CAN YOU GO TO JAIL FOR OWING MONEY? 
Sunday, May 17, 2009, 06:55 PM
Posted by Administrator
Let me get the easy part out of the way first: YOU CAN'T GO TO JAIL JUST FOR NOT PAYING A CREDIT CARD OR YOUR MORTGAGE OR A HOSPITAL BILL OR YOUR ELECTRIC BILL. You can't even go to jail for not paying your lawyer (but, I believe we are working on this).

Still, if you try hard enough, you can go to jail as a result of owing money. There are several ways to do this:
1) Not paying alimony or child support is contempt of court. The Judgment says you "shall" pay it and, if you don't do what the court says you shall do, it is possible to get taken off to jail for contempt. The courts here in Palm Beach County try hard to just accept non-payment and not send anyone to jail. I understand in Broward they are less sympathetic.

Once you get arrested, you will be brought to court the next morning and the judge will (re-) set your "purge amount"...pay the purge amount and you are out. The purge amount should be set at no more than you can afford and does not usually bear much relation to what you owe. So, if you convince the judge you can only come up with $50.00, for $50.00 you're out even though you owe $10,000.

The federal government/FBI/justice department will send you to jail for not paying your child support if you owe staggering amount, grab their attention and still don't pay. For big money, not paying child support is a federal crime. I have not heard any local stories but, sometimes, there is something about this in the newspaper, and...

2) If you don't pay fines in criminal cases, you can land up in jail.

3) HERE IS THE BIG ONE FOR PEOPLE IN DEBT: A creditor gets a judgment against you and then wants to take your deposition or have you answer questions "in aid of execution". "Execution" is when the Sheriff is sent off to take your property ("execution" ijn this context has nothing to do with executing people) and "in aid of" means the creditor (now judgment holder) wants you to tell them what you've got.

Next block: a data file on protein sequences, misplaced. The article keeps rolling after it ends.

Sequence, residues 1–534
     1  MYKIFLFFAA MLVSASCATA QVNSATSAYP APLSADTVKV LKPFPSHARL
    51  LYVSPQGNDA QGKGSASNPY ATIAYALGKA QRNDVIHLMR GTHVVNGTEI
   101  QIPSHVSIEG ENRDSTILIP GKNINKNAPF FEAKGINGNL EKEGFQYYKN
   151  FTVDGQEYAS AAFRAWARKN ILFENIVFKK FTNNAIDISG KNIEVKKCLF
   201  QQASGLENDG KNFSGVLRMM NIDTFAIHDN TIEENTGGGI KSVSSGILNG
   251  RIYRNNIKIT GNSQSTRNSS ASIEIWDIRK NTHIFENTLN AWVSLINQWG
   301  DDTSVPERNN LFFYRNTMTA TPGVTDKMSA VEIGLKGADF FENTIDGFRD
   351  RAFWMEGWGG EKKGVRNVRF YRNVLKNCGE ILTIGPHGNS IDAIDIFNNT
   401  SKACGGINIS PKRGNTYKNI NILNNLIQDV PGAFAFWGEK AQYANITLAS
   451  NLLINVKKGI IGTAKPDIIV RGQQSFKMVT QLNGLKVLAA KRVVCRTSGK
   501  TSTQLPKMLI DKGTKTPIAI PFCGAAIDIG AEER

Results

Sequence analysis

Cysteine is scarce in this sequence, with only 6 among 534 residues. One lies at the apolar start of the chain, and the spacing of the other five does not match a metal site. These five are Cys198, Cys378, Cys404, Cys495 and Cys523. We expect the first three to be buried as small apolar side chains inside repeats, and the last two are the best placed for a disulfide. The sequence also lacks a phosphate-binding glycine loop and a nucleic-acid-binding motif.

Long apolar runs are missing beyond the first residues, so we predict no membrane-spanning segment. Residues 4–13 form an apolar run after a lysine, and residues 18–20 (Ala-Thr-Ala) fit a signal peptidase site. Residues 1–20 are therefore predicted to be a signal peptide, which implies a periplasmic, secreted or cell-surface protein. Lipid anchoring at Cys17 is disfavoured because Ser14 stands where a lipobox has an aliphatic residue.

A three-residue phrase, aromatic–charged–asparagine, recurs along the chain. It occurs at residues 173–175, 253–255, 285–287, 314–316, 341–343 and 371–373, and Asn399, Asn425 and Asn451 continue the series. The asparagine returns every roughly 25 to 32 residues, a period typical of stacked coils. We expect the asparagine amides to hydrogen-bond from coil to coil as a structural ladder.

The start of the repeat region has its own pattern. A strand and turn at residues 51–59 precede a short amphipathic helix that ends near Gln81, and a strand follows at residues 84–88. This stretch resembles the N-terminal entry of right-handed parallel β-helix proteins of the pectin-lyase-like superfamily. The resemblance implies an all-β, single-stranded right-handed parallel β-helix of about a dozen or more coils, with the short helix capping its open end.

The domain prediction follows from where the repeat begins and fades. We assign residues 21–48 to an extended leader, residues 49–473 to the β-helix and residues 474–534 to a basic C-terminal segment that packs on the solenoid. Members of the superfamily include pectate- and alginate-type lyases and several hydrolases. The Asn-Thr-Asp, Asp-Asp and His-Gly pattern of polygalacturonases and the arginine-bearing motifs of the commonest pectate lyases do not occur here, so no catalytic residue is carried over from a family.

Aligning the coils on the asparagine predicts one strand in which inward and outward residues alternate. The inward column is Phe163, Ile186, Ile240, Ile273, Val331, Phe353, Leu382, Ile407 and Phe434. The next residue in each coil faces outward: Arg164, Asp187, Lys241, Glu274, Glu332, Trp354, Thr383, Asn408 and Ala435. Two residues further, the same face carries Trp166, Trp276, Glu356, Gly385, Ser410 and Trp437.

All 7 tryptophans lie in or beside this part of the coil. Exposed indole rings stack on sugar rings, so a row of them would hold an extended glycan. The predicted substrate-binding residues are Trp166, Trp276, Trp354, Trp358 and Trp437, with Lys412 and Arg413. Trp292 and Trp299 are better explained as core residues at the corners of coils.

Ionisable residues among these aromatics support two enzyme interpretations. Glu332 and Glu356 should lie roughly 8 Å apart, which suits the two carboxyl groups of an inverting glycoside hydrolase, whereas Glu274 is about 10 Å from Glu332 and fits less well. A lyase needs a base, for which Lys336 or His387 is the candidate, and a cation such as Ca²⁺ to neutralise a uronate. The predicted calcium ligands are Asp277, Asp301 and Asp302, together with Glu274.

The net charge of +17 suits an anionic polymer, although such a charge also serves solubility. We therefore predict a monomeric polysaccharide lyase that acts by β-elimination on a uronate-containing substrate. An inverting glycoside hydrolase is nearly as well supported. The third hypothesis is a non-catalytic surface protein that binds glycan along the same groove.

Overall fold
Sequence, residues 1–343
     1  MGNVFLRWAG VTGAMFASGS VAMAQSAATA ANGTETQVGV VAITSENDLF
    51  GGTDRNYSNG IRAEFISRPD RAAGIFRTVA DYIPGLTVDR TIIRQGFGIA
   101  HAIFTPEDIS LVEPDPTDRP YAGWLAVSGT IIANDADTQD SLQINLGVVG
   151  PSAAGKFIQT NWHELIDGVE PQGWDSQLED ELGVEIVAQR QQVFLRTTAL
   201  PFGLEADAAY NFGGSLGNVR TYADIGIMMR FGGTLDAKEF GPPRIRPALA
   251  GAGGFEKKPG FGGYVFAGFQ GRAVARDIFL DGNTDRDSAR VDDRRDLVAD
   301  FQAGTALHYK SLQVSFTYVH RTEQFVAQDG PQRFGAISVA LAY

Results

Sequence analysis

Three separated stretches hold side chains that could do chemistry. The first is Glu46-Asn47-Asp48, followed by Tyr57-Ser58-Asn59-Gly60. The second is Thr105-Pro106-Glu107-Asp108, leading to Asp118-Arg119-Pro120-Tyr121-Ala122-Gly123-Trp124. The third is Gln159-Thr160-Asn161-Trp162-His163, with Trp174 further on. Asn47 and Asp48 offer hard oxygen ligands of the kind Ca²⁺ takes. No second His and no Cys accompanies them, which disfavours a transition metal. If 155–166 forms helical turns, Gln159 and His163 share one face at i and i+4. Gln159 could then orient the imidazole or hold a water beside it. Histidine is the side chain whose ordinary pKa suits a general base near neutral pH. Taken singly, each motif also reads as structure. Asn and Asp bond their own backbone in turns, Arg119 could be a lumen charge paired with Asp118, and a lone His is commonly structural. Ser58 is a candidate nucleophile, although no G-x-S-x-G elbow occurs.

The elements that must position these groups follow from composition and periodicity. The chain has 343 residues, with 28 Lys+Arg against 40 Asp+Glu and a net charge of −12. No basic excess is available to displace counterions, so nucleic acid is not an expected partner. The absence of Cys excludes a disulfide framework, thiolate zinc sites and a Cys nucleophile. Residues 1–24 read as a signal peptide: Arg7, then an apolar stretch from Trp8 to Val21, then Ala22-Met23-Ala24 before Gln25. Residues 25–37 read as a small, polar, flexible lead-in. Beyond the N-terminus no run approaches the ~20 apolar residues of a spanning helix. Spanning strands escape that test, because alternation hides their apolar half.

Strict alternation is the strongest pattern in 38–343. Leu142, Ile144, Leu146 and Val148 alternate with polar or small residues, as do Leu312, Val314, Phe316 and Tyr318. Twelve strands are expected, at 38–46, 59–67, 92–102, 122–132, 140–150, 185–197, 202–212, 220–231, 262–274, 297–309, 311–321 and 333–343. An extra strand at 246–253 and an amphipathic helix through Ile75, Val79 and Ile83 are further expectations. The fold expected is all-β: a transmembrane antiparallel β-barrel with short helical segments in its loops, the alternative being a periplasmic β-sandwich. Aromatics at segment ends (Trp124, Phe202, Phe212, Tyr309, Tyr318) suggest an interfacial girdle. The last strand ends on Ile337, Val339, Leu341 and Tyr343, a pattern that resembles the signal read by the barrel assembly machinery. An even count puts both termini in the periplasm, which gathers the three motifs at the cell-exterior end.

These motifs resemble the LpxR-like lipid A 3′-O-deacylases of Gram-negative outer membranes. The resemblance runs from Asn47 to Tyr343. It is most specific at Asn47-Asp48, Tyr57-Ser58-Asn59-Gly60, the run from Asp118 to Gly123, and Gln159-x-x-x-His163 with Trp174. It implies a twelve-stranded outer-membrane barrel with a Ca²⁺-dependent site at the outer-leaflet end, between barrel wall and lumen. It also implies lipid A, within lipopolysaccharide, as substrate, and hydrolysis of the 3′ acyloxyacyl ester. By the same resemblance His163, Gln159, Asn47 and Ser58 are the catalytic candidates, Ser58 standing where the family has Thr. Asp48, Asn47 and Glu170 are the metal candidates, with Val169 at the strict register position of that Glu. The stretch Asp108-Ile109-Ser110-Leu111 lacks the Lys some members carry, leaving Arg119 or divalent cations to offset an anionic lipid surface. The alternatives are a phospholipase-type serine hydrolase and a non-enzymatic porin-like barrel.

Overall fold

A subpoena, properly served, is a court order for you to come to a deposition or a hearing. If you don't show up----that's contempt. If you don't answer interrogatories (written questions) or if you don't show up in response to a subpoena (or you don't answer questions after showing up), the judgment holder will file a motion (request) for the court to make you show why you should not be held in contempt and the court will have a hearing on the motion. You will get notice (notice and the right to be heard are part of the right to "due process" that is in the Constitution).

If you come for the motion hearing, the judge will tell you to sit for the deposition and give the answers to the interrogatories and all will be forgotten and that you will go to jail if you don't. But, if you don't show for the hearing, the judge will likely find you in contempt of court and issue an order for you to be held in jail until your purge yourself of the contempt. The purge is usually set in the alternative: a) pay the amount you owe the judgment holder, or, b) sit for the deposition. If you don't pay, you will be brought to court the next day and, hopefully, the judge will make the judgment holder take your depostion right then. Otherwise, you'll sit in jail until..............

I have run into only a couple of people in my 25 years who have managed to be ordered off to jail for not sitting for depostions or answering interrogatories as a result of a lawsuit by a creditor. The low number demonstrates that while it is tough to get sent to jail as a result of owing money...........if you try hard enough, it can be done.

THE ABOVE RELATES ONLY TO FLORIDA. WHO KNOWS WHAT GOES ON IN MISSISSIPPI, TENNESSEE, ALASKA, OR HAWAII?
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